Review Posted Online: May 20, 2010

Kirkus Reviews Issue: April 1, 2003

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A tiny book, not much bigger than a pamphlet, with huge potential impact.

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A collection of articulate, forceful speeches made from September 2018 to September 2019 by the Swedish climate activist who was nominated for a Nobel Peace Prize.

Speaking in such venues as the European and British Parliaments, the French National Assembly, the Austrian World Summit, and the U.N. General Assembly, Thunberg has always been refreshingly—and necessarily—blunt in her demands for action from world leaders who refuse to address climate change. With clarity and unbridled passion, she presents her message that climate change is an emergency that must be addressed immediately, and she fills her speeches with punchy sound bites delivered in her characteristic pull-no-punches style: “I don’t want you to be hopeful. I want you to panic. I want you to feel the fear I feel every day. And then I want you to act.” In speech after speech, to persuade her listeners, she cites uncomfortable, even alarming statistics about global temperature rise and carbon dioxide emissions. Although this inevitably makes the text rather repetitive, the repetition itself has an impact, driving home her point so that no one can fail to understand its importance. Thunberg varies her style for different audiences. Sometimes it is the rousing “our house is on fire” approach; other times she speaks more quietly about herself and her hopes and her dreams. When addressing the U.S. Congress, she knowingly calls to mind the words and deeds of Martin Luther King Jr. and John F. Kennedy. The last speech in the book ends on a note that is both challenging and upbeat: “We are the change and change is coming.” The edition published in Britain earlier this year contained 11 speeches; this updated edition has 16, all worth reading.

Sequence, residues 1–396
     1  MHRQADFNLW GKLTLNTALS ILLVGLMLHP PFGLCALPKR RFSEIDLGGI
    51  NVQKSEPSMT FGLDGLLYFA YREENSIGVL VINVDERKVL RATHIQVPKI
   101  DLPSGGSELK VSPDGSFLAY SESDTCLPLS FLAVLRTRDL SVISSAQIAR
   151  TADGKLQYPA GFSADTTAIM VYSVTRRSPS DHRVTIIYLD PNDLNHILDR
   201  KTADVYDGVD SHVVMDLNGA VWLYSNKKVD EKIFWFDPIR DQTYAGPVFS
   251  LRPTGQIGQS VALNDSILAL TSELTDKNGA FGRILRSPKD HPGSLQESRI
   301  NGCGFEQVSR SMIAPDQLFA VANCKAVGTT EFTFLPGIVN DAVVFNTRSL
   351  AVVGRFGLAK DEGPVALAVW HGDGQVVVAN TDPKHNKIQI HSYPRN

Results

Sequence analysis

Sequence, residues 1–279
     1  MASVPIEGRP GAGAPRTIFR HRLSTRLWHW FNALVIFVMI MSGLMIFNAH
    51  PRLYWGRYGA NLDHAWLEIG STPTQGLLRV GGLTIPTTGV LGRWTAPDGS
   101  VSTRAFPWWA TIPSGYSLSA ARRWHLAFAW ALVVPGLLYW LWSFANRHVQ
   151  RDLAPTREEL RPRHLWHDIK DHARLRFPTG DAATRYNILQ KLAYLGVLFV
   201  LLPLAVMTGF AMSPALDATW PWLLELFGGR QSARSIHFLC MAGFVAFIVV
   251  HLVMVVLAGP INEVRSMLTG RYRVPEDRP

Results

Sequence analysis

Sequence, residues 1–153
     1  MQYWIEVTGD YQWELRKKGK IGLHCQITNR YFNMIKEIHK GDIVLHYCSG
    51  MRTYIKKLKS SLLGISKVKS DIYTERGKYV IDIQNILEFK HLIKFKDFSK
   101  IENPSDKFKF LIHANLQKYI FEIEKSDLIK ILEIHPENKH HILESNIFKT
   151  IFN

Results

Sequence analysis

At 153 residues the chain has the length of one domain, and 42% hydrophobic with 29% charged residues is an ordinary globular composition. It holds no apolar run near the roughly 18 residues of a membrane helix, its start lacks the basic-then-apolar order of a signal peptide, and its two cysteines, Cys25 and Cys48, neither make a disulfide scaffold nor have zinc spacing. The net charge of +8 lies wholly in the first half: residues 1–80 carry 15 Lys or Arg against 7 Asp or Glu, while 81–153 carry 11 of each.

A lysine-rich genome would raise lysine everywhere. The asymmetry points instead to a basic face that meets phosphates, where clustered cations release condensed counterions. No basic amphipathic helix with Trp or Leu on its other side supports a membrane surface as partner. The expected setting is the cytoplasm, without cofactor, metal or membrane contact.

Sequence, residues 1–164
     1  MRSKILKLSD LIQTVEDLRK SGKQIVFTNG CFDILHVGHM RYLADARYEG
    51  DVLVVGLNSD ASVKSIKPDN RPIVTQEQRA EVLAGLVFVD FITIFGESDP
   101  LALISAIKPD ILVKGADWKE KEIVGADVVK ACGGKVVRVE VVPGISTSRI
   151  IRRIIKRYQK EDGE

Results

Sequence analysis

A tiny book, not much bigger than a pamphlet, with huge potential impact.

Pub Date: Nov. 26, 2019

ISBN: 978-0-14-313356-8

Page Count: 112

Publisher: Penguin

Review Posted Online: Nov. 3, 2019